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Trains, planes and Lord Rogers

Once economically and culturally the most powerful city in the world (where banking was invented), Florence is now largely dependent on forms of tourism sustaining a shopkeeper economy. For generations the city's architects and planners have been struggling to get out of this cul-de-sac by inventing new urban visions. Originally it was the Futurists who invented modernity out of a sense of disgust with the ever-present history that surrounds you wherever you go in Italy. In the 1960s the legendary 'Radical Architecture' groups - Superstudio or Archizoom - exploited Florence's peripheral situation to dream up fantastic imaginary cities, and established a habit of thinking on the large scale about infrastructure and masterplanning. Only a country with this background - now fifth richest in the world - could be so audacious about projecting her future. Forget spaghetti and mandolins; today Italy is a world leader.

Italian State Railways has invested billions in a nationwide network of tilting trains designed by Giugiaro and built by Fiat. These beautiful machines glide up and down the peninsula, partly on existing track, and partly on a new elevated railway that shoots confidently across the winegrowing Umbrian valleys with truly modern verve and elegance. It is now faster to travel by train between Rome and Milan than by air, but new problems have arisen. The power absorbed by the new trains overheats the overhead catenaries and tears them down.

Every time one passes through Santa Maria Novella railway station, the 1935 masterpiece by Michelucci et al, it is like re-entering the heroic period of Rationalism at its highest point of achievement, a dramatic environment in which light, space and structure are handled in ways to which we still aspire today.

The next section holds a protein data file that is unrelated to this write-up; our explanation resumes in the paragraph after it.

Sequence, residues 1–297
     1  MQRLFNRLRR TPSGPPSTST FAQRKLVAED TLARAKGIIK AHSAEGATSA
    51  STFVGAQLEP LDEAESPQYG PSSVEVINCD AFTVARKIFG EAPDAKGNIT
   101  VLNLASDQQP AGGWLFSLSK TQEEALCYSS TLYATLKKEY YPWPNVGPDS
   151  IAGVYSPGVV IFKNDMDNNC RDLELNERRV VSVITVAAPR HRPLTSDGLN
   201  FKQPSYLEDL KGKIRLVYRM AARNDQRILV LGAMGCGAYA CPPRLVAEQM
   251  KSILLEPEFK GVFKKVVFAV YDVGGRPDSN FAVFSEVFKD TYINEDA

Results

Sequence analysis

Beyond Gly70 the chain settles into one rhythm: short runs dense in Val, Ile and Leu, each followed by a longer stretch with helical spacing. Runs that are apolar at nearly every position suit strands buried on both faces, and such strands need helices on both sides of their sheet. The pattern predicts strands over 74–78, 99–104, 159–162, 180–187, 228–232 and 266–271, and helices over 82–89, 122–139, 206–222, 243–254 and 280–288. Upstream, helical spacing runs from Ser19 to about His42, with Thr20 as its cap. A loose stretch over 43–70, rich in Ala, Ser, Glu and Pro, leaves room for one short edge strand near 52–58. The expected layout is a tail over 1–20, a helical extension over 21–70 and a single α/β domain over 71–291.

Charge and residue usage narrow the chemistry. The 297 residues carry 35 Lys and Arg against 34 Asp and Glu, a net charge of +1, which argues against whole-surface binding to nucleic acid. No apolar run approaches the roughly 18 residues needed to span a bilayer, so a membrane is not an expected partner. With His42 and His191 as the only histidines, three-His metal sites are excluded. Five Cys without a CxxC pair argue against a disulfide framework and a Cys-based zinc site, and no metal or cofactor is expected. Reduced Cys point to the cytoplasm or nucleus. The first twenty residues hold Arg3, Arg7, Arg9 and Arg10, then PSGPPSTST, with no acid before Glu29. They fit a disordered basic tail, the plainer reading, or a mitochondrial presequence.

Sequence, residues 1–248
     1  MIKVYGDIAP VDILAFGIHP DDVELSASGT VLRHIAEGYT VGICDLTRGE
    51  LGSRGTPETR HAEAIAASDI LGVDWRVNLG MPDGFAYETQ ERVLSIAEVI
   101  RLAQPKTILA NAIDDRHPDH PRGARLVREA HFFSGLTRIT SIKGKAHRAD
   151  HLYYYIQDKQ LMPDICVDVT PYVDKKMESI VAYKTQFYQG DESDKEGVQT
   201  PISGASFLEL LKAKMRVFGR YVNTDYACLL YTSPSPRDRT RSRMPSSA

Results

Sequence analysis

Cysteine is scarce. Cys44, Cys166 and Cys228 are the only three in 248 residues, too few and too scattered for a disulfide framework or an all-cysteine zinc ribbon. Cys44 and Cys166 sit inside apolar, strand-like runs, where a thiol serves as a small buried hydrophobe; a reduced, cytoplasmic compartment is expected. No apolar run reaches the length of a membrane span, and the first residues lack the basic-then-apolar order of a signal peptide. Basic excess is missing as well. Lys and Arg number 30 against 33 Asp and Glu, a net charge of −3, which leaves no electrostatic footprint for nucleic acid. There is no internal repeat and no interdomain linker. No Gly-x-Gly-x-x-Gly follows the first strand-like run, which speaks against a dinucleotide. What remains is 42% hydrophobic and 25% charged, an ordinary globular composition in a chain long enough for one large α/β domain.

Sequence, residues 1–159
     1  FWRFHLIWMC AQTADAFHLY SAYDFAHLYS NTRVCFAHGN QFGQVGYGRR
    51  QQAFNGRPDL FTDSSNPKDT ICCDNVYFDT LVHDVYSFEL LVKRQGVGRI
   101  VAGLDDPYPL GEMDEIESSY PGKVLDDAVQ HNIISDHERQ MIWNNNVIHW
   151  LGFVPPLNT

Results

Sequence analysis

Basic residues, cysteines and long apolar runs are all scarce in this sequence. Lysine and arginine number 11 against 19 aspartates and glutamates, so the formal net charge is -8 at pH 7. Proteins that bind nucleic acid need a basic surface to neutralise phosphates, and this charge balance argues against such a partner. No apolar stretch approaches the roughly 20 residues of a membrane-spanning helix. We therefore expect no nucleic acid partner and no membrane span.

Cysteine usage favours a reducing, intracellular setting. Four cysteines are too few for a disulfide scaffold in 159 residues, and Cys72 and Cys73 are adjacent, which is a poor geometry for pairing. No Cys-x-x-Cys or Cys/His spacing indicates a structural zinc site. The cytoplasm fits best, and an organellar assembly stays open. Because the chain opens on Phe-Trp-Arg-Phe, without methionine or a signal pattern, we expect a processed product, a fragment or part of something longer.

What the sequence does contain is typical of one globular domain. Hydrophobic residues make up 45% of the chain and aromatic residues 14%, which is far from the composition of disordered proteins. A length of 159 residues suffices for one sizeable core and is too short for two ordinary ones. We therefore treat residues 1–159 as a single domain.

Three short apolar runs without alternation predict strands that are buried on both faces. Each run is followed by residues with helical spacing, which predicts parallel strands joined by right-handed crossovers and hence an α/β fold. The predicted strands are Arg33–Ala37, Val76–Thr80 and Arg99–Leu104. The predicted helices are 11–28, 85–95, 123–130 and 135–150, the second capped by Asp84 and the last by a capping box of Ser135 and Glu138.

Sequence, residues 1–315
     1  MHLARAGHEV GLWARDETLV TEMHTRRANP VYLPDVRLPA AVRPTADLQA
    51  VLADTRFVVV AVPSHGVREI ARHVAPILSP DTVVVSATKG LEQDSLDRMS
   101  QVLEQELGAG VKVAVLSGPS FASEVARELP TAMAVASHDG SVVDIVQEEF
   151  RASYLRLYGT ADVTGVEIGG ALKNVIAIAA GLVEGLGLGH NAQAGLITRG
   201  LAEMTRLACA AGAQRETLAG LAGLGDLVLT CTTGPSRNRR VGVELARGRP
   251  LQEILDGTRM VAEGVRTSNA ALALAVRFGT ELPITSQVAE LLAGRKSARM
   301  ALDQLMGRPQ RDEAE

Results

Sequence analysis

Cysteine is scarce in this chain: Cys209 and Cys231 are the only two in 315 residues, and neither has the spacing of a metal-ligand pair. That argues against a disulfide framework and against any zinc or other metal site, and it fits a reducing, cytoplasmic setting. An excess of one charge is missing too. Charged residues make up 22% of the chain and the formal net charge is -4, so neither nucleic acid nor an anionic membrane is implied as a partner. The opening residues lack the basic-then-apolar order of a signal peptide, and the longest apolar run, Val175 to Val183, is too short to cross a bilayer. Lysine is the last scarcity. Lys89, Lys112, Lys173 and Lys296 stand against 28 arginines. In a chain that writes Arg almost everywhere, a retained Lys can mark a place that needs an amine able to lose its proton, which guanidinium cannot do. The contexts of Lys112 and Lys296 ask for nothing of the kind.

Santa Maria Novella is a head station: the train arrives in one direction and leaves in the other with a traction unit at each end. The time required to reverse is minimal, but the planners still believe it is necessary to build a whole new station underneath so that trains can run through without reversing, saving a negligible few minutes. On this basis, a project has been drawn up by the famous historian and (somewhat less famous) architect Bruno Zevi, leading a local team. He has designed an enormous underground cavern that will cost unthinkable amounts of money to build, and will surely have far too few passenger movements that would justify the outlay. To make it economically more viable, Zevi has therefore grabbed some other important city functions, such as the Exhibition Centre, and relocated them in the new station complex - ending up redesigning the whole city.

Out on the western edge of Florence near the airport is the Fondiaria site, a huge tract of unused terrain for which many architects have made proposals (including your correspondent, with James Stirling, 20 years ago). The terrain has remained undeveloped, and now it's Richard Rogers' turn.

The airport was supposed to be relocated elsewhere, but as one plan after another failed to be implemented it has developed by default. After only ten years of operation it is now the third busiest in Italy, with two passenger terminals, maintenance facilities, and the main runway extended twice already. Its further success will require a serviced hinterland for courier services, high-tech industry, import/export companies, and so on. Yet with quite remarkable stubbornness the city planners want a park - miles from any residential area. Over the years, the site has been encroached on by high-tension pylons, a half-finished orbital motorway, methane pumping stations etc, as well as a funky African nightspot, the Sahara Desert, run by my friend Andy Ndukuba. As published in the local paper, the Rogers plan appears radical all right: the half-built motorway seems to have disappeared and a number of other fairly formidable bits of infrastructure deleted; but a Carabinieri training centre designed by someone else still eats up half the available land.

The odds are the Rogers plan, like those before it, will never be implemented and the airport will continue to grow by default. Andy is concerned about what may happen to the Sahara Desert. I advise him not to worry.

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